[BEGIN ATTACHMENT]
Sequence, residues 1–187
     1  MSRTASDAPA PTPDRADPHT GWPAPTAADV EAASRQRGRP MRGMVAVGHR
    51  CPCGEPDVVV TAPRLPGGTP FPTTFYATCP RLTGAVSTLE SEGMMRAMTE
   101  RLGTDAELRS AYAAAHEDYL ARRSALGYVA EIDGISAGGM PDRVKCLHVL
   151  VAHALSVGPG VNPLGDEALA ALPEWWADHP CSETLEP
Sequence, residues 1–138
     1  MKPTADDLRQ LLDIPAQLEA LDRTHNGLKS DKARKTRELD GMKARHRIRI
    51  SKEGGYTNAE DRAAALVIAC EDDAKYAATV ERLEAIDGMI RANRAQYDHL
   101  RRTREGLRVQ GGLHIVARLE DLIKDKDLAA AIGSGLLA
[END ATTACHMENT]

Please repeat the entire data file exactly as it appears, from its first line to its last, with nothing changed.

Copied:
Sequence, residues 1–187
     1  MSRTASDAPA PTPDRADPHT GWPAPTAADV EAASRQRGRP MRGMVAVGHR
    51  CPCGEPDVVV TAPRLPGGTP FPTTFYATCP RLTGAVSTLE SEGMMRAMTE
   101  RLGTDAELRS AYAAAHEDYL ARRSALGYVA EIDGISAGGM PDRVKCLHVL
   151  VAHALSVGPG VNPLGDEALA ALPEWWADHP CSETLEP
Sequence, residues 1–138
     1  MKPTADDLRQ LLDIPAQLEA LDRTHNGLKS DKARKTRELD GMKARHRIRI
    51  SKEGGYTNAE DRAAALVIAC EDDAKYAATV ERLEAIDGMI RANRAQYDHL
   101  RRTREGLRVQ GGLHIVARLE DLIKDKDLAA AIGSGLLA